Australian logistics company Toll has been forced to disable its systems and use non-digital processes after a ransomware attack on Friday (Jan 31) caused delays throughout the country, according to a report by ZDNet.
“We can confirm the cybersecurity incident is due to a targeted ransomware attack which led to our decision to immediately isolate and disable some systems in order to limit the spread of the attack,” Toll wrote in an update on Tuesday (Feb. 4). “We moved quickly to mitigate the potential impact and we're undertaking a detailed investigation with a view to restoring all of the relevant systems as soon as possible.”
The company has more than 40,000 workers and it had to shut down a variety of systems to protect itself, which affected customers across Australia. The company said that no personal data was compromised in the cyberattack.
“We became aware of the issue on Friday 31 January and, as soon as it came to light, we moved quickly to disable the relevant systems and initiate a detailed investigation to understand the cause and put in place measures to deal with it,” the statement said. “We're continuing to undertake a thorough investigation and we're working around the clock to restore normal services at the earliest opportunity. We'll continue to provide updates as we securely bring our systems back online.”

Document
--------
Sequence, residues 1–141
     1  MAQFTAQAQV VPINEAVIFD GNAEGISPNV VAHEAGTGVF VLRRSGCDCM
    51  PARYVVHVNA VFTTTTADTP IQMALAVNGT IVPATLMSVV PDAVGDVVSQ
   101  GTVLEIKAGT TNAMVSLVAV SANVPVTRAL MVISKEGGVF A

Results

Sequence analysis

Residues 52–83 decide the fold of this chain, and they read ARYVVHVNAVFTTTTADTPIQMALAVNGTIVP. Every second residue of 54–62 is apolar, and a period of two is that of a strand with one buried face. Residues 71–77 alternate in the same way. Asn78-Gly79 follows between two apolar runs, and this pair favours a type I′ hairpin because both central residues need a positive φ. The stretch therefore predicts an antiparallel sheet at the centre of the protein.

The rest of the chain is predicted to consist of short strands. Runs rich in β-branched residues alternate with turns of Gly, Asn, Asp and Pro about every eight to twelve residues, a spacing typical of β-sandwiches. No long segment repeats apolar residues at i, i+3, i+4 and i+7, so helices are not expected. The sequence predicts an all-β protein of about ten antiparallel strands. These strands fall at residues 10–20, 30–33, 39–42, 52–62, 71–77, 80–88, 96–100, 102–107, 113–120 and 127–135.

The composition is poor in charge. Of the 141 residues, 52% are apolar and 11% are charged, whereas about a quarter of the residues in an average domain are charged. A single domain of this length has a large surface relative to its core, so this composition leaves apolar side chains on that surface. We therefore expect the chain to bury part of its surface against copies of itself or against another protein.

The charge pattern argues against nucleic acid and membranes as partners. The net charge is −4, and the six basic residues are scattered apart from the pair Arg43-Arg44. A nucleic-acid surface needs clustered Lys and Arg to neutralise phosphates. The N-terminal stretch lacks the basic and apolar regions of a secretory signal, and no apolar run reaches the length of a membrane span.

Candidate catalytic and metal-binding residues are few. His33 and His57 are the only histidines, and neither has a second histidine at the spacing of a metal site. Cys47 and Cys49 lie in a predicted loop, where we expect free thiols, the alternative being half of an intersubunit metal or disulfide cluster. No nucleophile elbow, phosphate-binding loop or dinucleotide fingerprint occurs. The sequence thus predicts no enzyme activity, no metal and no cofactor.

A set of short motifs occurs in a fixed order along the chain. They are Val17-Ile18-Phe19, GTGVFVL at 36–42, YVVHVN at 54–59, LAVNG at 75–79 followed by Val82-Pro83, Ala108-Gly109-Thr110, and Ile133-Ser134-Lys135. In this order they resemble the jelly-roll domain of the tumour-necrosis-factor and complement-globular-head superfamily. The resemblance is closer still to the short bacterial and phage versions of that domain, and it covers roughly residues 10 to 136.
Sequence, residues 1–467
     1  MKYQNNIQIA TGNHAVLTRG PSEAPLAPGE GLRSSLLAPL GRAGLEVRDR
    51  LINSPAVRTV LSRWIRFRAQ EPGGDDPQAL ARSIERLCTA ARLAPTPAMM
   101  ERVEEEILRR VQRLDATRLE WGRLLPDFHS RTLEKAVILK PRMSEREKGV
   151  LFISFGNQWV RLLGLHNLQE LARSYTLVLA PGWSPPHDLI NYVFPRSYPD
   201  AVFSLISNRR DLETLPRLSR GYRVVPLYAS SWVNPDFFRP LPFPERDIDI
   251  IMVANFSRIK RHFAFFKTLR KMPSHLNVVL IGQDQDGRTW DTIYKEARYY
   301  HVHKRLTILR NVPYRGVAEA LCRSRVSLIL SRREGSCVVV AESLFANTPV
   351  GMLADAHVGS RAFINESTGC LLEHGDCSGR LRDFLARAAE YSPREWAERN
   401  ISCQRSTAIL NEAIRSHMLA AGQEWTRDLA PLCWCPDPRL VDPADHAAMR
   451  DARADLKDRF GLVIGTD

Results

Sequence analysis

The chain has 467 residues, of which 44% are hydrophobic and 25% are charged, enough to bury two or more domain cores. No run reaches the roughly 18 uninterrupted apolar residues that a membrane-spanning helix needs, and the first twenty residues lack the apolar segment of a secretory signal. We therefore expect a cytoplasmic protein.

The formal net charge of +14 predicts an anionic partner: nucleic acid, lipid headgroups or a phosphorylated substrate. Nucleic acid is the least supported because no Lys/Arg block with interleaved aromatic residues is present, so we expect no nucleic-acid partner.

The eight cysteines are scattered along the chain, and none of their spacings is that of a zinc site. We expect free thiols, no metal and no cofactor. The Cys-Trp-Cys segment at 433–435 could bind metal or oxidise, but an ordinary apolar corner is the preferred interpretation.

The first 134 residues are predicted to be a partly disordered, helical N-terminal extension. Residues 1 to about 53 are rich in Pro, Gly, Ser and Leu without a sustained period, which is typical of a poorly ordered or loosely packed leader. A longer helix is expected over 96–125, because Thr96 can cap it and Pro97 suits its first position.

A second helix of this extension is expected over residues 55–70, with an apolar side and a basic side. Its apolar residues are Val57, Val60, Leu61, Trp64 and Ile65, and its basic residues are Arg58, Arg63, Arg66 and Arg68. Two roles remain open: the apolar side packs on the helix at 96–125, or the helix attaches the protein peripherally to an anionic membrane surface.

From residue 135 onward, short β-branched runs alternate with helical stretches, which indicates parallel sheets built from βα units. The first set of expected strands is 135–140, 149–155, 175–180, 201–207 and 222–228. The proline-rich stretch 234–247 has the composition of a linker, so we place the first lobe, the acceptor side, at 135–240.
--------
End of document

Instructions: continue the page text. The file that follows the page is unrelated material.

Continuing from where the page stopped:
In an attempt to clear the amount of undelivered goods affected by the cyberattack, the logistics company was forced to revert to manual processes.
“As a result of our decision to disable certain systems following a recent cybersecurity threat, we're continuing to meet the needs of many of our customers through a combination of manual and automated processes across our global operations, although some are experiencing delay or disruption,” Toll said, adding that it’s processing and delivering packages “at reduced speed in some cases.”
On Wednesday (Feb. 5), Toll identified the ransomware as an offshoot of a popular Mailto iteration.
“We have shared samples of the relevant variant with law enforcement, the Australian Cyber Security Centre, and cybersecurity organisations to ensure the wider community is protected,” the updated statement said. “There continues to be no indication that any personal data has been lost as a result of the ransomware attack on our It systems. We continue to monitor this as we work through a detailed investigation.”
The company also said that its processes are returning to normal.